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U.S. Eastern Catholic Bishops

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Syriac Bishop Yousif Habash of Newark, N.J., Ukrainian Catholic Bishop Richard S. Seminack of Chicago and Romanian Bishop John M. Botean of Canton, Ohio, concelebrate a Maronite Divine Service of the Holy Mysteries with U.S. bishops from the Eastern Catholic churches at the Basilica of St. Paul Outside the Walls in Rome 17 May. Bishops from the Chaldean, Ruthenian, Maronite, Ukrainian, Armenian, Melkite, Syriac and Romanian Catholic churches were making their “ad limina” visits to the Vatican to report on the status of their dioceses. (photo: CNS/Paul Haring) 

18 May 2012 – by Cindy Wooden

VATICAN CITY (CNS) — The Eastern Catholic bishops in the United States share their brother bishops’ concerns about religious freedom and evangelization, and see their distinct liturgies as powerful tools for expanding their flocks.

Bishops from the Chaldean, Ruthenian, Maronite, Ukrainian, Armenian, Melkite, Syriac and Romanian Catholic churches were at the Vatican May 15-19 for their “ad limina” visits. They were the last group of U.S. bishops to make the visits to report on the status of their dioceses to Pope Benedict XVI and to hold discussions with Vatican officials.

Maronite Bishop Gregory J. Mansour of St. Maron of Brooklyn, N.Y., said Eastern Christians, whose churches have experienced much persecution over the centuries, have a message for their fellow Christians in the West: “Don’t be silenced by anybody.”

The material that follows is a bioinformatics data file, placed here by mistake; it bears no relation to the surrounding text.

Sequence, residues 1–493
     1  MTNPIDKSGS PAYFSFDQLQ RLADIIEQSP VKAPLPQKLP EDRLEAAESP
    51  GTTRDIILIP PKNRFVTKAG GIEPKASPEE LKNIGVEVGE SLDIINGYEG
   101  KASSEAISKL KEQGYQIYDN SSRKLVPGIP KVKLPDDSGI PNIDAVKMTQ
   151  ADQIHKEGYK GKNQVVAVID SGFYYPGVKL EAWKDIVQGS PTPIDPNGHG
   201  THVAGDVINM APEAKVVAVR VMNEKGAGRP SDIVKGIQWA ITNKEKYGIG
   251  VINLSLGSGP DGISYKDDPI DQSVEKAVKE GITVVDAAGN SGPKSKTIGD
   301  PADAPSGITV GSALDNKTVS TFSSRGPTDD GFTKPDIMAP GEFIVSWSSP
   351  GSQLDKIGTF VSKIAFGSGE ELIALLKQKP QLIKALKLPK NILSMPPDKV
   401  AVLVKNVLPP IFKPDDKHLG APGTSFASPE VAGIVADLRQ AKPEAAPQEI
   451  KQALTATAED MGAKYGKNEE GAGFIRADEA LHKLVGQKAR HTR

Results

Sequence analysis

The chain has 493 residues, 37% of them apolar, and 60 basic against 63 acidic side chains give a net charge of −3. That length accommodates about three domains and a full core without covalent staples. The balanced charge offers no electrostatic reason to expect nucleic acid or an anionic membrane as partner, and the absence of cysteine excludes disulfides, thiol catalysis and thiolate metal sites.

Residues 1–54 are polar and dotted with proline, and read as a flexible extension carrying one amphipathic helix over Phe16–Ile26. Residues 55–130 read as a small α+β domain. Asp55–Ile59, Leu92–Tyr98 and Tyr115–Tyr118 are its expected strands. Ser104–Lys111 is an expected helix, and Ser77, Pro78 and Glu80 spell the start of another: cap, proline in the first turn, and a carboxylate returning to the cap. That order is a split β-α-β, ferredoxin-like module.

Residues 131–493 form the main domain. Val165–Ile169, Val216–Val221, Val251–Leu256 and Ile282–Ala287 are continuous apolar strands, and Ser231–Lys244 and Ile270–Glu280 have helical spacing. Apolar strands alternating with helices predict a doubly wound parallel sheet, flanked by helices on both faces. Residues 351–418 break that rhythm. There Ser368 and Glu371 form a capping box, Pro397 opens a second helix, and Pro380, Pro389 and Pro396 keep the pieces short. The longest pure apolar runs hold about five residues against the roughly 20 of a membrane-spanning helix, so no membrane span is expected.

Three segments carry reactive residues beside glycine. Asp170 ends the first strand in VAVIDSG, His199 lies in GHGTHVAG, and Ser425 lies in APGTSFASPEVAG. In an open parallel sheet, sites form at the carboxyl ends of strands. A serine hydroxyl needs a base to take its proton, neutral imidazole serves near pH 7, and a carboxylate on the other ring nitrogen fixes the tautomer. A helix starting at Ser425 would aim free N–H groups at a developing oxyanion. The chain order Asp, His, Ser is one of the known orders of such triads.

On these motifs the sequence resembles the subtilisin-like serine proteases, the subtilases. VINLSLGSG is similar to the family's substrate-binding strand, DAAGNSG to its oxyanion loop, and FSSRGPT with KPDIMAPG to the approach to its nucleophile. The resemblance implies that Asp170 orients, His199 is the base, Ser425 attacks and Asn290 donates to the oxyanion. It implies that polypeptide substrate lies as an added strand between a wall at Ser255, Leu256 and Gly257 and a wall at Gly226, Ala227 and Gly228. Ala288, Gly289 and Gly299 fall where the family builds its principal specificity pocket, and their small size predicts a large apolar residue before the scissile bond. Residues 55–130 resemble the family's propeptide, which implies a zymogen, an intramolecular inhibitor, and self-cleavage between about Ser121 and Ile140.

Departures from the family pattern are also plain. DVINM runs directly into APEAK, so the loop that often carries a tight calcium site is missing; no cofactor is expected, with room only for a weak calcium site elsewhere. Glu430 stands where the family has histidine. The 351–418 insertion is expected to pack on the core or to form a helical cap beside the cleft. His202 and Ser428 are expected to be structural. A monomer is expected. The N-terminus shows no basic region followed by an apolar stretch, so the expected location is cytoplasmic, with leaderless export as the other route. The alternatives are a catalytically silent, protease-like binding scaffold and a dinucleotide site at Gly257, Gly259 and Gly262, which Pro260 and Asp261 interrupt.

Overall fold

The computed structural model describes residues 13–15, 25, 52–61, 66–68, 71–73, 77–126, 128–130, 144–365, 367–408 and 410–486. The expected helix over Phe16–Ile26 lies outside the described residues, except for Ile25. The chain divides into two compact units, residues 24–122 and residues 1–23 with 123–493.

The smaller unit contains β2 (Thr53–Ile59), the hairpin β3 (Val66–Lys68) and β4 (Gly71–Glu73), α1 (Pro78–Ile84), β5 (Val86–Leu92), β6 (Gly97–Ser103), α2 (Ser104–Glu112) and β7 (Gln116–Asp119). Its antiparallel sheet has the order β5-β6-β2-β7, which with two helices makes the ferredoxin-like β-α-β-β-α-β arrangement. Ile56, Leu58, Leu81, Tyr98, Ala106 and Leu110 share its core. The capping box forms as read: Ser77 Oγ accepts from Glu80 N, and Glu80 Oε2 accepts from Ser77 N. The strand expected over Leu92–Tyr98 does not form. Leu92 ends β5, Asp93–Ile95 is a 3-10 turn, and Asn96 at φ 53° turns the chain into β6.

“Christianity doesn’t seek to ’impose’ on anybody,” he said. “That’s the false myth in American society,” because the Catholic witness to non-Christians takes place primarily through service in hospitals, nursing homes and schools, said the bishop, whose diocese covers 40 parishes in 16 states.

For the Maronite Church in the United States, he said, one challenge is to meet the needs both of Maronites whose families have been in the country for generations and of newcomers from Lebanon and the Middle East, who may speak only Arabic.

“The other (challenge) is to welcome people who have no church background, no faith background and have found a home with us,” he said.

“It’s fascinating, among my clergy (there are) last names like Beaton, Franklin, Jensen, Morrison — not the traditional Arabic names. You have men who have found a great love for this church,” its liturgy and spirituality, the bishop said.

Ukrainian Archbishop Stefan Soroka of Philadelphia told Catholic News Service that the recent immigration of Catholics from Ukraine “has been a source of renewal” for his church, which has been losing many of the children of earlier generations of Ukrainian immigrants.

Building up the faith of members and persuading those who have left to return is a challenge the Eastern Catholic bishops share with their Latin-rite counterparts, he said.





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Tags: Vatican United States Eastern Churches Congregation for Eastern Churches